TAKAI Biotimer


Research Director: Dr. Yoshimi Takai
(Professor, Graduate School of Medicine, Osaka University)
Research Term: 1994-1999


The cells of multicellular organisms accomplish their roles with exquisitely appropriate timing, even while experiencing a wide variety of extracellular stimuli. After defining this timing/switching system as biotimer, its molecular mechanisms involving memory formation at synaptic junctions in the brain, as well as cell migration, proliferation, and adhesion in the epithelial cells, were investigated.

Research Results

Discovery of time-controlling regulators of neurotransmitter release and clarification of their functions: An inhibitory regulator for the Rab family members (Rab GDI) was found to participate in time control of neurotransmitter release. A novel stimulatory regulator for Rab3 small G protein (Rab3 GEP) was found, and it was elucidated that Rab3 GEP also participates in neurotransmitter release and memory formation.

Clarification of functions of small G protein regulators in ontogeny: Knock-out mice were produced for two regulators discovered in our laboratory: Rho GDI, a regulator for the Rho family members that participate in the cytoskeletal control, and Smg GDS, a regulator for Ki-Ras and the Rap and Rho family members. Ki-Ras and the Rap family members participate in the control of cell proliferation and differentiation. It was then possible to elucidate a part that these regulators play in time control of ontogeny.

Discovery of a time-controlling regulator of cell migration and axonal extension and clarification of its function: A new stimulatory regulator for Cdc42 small G protein (frabin) was found to regulate changes in the actin cytoskeleton, which is important for cell morphology, cell migration, and axonal extension. Frabin stimulates Cdc42, which controls the actin cytoskeleton structure, depending on a preexisting actin cytoskeleton, and induces new actin cytoskeleton (filopodia) formation.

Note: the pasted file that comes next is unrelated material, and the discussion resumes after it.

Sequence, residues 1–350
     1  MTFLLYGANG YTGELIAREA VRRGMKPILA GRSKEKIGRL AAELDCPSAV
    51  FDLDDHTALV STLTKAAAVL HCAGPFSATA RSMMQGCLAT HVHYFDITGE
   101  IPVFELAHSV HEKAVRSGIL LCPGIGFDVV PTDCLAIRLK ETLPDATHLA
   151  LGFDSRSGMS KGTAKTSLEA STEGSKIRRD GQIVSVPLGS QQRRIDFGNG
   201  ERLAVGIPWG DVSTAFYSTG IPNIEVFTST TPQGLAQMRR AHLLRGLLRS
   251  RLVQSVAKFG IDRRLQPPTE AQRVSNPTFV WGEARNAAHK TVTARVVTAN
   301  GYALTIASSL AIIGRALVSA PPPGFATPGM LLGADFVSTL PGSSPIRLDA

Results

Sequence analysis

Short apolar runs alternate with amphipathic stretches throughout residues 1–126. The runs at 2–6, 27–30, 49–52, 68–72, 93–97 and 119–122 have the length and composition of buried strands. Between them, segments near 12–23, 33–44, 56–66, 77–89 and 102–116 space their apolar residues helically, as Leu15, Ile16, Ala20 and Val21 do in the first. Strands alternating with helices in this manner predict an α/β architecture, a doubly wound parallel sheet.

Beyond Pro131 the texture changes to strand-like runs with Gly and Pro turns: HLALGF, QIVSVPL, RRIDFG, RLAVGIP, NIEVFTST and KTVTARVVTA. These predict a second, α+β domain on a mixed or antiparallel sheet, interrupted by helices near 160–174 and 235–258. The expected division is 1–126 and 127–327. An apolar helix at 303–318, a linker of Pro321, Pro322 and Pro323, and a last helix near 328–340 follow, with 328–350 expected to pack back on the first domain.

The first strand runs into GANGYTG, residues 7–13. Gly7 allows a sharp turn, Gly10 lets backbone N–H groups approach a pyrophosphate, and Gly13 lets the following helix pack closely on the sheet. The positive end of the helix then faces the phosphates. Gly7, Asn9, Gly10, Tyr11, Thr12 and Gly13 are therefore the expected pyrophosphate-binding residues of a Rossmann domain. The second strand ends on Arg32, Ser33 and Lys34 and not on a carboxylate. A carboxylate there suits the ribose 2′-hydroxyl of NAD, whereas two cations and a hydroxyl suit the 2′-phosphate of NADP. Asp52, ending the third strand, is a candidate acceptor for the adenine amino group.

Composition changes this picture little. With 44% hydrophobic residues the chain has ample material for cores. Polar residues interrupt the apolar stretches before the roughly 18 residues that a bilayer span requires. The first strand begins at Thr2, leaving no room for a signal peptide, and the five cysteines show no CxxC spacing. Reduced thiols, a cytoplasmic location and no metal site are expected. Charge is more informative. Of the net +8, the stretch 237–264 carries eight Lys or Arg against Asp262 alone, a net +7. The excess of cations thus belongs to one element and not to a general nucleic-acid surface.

Discovery of new F-actin-binding proteins for cell-cell and cell-matrix junctions: Two new F-actin-binding proteins (neurabin and nexilin) were found. Neurabin controls the actin cytoskeleton (lamellipodia) formation, and then participates in the regulation of axonal extension. Nexilin is involved in the connection between cell-matrix junctions and the actin cytoskeleton.

Discovery of a new cell-cell adhesion system and explanation of its function: A new cell-cell adhesion system at adherens junctions was found, which has been named the NAP system. It consists of at least three components: nectin, afadin, and ponsin. Nectin is a cell adhesion molecule and afadin connects nectin to the actin cytoskeleton. Ponsin links nectin and afadin to the cadherin system, which is a well-known cell-cell adhesion system. The NAP system is implicated in the formation of adherens and tight junctions.

Discovery of new components of synaptic junctions: Many new components of synaptic junctions (SAPAP, S-SCAM, BEGAIN, MAGUIN, synamon, nRapGEP, nArgBP2) were found, resulting in a proposal of how the receptors and adhesion molecules are assembled in the same location, the synapses, and participate in the deposition of memory.


Concept of Biotimer
G-proteins determine the duration of the reactions they control and, at the same time, they also regulate the order in terms of time of reactions 1, 2, 3 and 4 so that these occur in this sequence following a single extracellular signal.

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